Portland leads West Coast metros in rising home prices amid slowdown
Portland-area home price growth held steady in June amid a nationwide slowdown.
Home prices in the metro area grew by 2.4% during the 12 months that ended in June, the new numbers from the S&P/CoreLogic Case-Shiller index show. Portland leads the languishing West Coast, though prices are climbing here at a slower rate than the national average.
Nationally, home prices rose 3.1% year-over-year, half the rate of a year ago.
Among the 20 cities surveyed, Phoenix saw the fastest annual growth, with prices up 5.8%, followed by Las Vegas (5.5%) and Tampa (4.7%). Only Seattle saw prices fall. There, home prices were 1.3% lower than a year earlier.
The more meager gains reflect a slowdown in home sales over the last year, particularly among the most expensive homes and the most expensive cities — including Seattle and California's biggest cities.
The slump could level off or turn around, economists say. Falling mortgage rates have again boosted sales, while a decline in new home construction has left buyers with fewer options and revved up competition.
"While housing has clearly cooled off from 2018, home price gains in most cities remain positive in low single digits," said Philip Murphy, the global head of index governance at S&P Dow Jones Indices. "Therefore, it is likely that current rates of change will generally be sustained barring an economic downturn."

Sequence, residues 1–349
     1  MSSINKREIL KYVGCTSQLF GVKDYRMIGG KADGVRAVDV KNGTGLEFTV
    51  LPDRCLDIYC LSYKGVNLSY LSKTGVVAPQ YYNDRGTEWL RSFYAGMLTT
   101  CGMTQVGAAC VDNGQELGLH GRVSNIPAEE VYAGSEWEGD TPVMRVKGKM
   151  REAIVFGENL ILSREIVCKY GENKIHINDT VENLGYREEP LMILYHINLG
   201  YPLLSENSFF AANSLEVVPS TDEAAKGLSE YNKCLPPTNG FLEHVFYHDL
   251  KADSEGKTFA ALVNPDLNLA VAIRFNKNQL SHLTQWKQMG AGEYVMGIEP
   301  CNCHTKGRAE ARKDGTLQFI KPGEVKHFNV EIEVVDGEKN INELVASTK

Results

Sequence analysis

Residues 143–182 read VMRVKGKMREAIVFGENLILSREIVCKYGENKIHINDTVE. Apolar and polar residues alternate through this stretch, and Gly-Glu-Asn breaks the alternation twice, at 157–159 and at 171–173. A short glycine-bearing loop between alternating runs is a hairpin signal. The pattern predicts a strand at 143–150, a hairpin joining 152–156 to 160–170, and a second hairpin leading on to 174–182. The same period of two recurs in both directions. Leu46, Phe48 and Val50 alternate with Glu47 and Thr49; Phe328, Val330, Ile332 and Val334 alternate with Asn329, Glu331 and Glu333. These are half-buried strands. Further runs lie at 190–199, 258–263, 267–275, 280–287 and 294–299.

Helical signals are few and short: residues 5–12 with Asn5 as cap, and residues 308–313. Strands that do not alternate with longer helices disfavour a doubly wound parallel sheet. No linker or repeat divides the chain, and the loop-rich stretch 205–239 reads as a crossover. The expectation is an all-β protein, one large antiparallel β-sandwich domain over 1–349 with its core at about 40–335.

The slower annual returns come after years of soaring prices, and the Portland metro continues to set new record highs. Home prices today are 29% higher than at the July 2007 peak of the housing bubble. They've climbed 42% in the last five years.
The Case-Shiller index is based on repeat sales of the same homes to measure changes across the housing market, not just those listed for sale or recently sold. It uses a three-month rolling average.
The median price for Portland-area homes sold in June was $420,000, according to the listing service RMLS. That fell to $411,600 in July.